It used to be that prospective homebuyers would zero in on three places while searching for added value – kitchen, bathroom and rec room.
A kitchen island, separate shower and finished basement, preferably with a tiki bar, were guaranteed to draw offers.
Then along came whirlpool tubs, children’s wings, great rooms and soaring foyers.
But what comes around goes away in the real estate market. Today, value-conscious buyers and profit-conscious builders are opting for less is more.
On the wane are sunrooms, outdoor kitchens, two-storey family rooms and media rooms.
But popular once again are basics such as well-planned spaces, storage and functional (not necessarily fancy) outdoor areas.
The lesson for those house shopping this spring – in the still mostly vibrant Canadian real estate market – is to spend your money on features that are difficult or expensive to add later.
The right choices now will pay off when you become a seller.
According to a 2011 AVIDBuilder.com survey, Canadian buyers are most eager for the following three home features or qualities:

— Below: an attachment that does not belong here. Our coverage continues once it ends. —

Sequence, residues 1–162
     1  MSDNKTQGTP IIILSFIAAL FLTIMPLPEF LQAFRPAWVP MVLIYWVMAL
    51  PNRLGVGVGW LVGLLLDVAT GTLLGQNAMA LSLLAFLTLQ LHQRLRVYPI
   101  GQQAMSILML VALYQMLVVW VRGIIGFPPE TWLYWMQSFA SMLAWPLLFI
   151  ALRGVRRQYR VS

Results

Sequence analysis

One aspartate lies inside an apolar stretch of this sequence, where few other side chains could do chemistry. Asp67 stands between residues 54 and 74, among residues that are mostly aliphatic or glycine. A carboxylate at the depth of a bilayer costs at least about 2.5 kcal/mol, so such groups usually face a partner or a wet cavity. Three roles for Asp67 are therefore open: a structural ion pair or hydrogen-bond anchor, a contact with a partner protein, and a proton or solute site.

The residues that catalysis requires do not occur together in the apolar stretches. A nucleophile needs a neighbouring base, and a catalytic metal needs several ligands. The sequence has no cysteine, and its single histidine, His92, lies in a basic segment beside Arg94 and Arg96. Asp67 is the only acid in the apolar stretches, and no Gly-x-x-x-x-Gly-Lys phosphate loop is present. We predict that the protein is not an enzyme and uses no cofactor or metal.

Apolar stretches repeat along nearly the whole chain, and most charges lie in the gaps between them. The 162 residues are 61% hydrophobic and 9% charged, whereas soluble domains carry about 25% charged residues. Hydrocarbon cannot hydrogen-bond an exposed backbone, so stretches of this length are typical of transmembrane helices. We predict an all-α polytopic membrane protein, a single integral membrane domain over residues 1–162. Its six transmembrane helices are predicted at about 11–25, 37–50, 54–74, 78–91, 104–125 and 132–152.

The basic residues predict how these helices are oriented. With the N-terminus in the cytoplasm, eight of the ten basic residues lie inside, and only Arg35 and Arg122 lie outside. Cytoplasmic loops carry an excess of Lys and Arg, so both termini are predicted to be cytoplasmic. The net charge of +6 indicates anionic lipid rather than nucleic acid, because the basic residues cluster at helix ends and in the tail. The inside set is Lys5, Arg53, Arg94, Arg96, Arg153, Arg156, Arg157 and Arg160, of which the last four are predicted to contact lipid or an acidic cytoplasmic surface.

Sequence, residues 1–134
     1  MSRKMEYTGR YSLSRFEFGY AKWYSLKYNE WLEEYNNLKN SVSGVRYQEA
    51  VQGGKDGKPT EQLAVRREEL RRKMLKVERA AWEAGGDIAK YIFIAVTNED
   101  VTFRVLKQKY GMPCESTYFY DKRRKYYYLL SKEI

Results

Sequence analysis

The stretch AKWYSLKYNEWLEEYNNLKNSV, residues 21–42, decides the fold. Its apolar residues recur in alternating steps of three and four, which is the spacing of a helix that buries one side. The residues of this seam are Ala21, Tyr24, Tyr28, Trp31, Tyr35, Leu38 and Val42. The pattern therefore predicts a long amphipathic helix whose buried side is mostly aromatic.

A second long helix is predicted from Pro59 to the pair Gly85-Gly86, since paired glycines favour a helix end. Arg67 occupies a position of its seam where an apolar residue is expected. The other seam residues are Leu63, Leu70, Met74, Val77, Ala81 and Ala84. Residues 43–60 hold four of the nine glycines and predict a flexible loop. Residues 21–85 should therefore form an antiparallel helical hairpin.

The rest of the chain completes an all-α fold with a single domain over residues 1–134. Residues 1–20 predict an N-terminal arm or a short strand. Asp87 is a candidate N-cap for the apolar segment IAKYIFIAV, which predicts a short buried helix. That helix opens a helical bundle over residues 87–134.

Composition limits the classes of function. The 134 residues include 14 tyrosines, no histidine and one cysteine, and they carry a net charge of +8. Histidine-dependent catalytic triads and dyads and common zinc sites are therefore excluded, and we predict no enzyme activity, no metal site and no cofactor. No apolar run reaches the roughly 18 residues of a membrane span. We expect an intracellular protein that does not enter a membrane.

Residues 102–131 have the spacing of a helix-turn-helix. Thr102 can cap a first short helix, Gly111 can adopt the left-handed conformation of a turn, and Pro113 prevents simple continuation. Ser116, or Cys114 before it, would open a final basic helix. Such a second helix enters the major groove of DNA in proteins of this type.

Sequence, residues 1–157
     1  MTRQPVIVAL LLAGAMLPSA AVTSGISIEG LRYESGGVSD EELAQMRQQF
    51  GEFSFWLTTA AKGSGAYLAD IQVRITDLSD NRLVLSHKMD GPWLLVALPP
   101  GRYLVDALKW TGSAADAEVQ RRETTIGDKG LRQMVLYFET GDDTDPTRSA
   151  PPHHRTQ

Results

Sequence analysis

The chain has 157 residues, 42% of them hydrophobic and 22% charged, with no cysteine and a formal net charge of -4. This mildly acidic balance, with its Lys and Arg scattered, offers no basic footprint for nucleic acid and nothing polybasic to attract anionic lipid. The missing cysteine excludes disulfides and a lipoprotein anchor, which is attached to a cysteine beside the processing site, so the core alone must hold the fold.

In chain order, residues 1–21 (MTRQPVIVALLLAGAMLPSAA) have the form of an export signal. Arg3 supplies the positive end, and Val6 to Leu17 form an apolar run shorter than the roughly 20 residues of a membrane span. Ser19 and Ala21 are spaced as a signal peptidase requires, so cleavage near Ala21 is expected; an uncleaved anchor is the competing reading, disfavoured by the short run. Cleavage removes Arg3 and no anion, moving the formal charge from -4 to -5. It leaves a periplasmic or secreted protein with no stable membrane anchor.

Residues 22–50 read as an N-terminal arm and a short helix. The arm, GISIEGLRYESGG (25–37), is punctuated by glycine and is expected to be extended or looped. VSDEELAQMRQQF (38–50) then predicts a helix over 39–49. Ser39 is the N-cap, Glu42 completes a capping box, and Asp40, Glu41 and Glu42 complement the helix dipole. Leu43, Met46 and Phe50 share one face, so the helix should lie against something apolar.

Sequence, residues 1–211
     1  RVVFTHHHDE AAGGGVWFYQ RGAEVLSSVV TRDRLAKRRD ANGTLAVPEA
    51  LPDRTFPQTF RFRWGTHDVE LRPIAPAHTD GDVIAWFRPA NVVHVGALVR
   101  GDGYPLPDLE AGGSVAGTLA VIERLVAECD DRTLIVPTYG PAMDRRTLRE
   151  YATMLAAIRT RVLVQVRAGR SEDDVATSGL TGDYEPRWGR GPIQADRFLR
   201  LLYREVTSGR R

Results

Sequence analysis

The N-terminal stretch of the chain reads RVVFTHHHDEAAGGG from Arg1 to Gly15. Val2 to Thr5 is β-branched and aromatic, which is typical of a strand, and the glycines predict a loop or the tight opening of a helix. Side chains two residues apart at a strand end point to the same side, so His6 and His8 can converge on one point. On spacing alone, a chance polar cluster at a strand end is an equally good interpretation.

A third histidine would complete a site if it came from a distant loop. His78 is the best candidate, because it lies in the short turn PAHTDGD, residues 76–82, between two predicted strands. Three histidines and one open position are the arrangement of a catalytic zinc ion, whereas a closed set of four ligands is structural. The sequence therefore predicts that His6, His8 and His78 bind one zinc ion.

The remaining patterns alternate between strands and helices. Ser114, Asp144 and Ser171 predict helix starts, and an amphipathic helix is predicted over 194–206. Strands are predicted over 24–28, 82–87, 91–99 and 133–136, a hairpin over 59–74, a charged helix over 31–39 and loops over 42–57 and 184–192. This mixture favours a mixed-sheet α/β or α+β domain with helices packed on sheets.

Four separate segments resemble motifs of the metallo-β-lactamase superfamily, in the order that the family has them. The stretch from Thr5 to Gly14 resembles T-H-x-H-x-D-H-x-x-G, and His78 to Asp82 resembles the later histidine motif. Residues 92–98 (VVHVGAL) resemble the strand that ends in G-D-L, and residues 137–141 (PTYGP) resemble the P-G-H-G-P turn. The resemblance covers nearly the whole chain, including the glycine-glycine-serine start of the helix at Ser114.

The soaring foyer may look great but give it a pass if re-sale value is important.
Two-storey rooms and open fireplaces also have reduced appeal because of rising heating costs.
2. Spaces not rooms
The number of rooms or overall square-footage is less important than how they fit together.
Increasingly buyers are drawn by a home’s flow and utility rather than its statistics.
3. Green, green, green
This includes not only energy efficiency in windows, appliances and insulation, but also green building products to reduce or eliminate concerns over toxicity.
While the survey was primarily focused on features desired by Canadians shopping for homes south of the border, they hold true in every real estate market over time.
Conspicuous consumption in a home can appeal temporarily, but if you are shopping for the best
value, pay attention to the basics.
There are three specific home features Canadians adore:
1. Walk-in closets
2. Linen closets
3. Family-style kitchens
Alison Griffiths is the author of Count On Yourself: Take Charge of Your Money. Reach her at alisongriffiths.ca or email@example.com.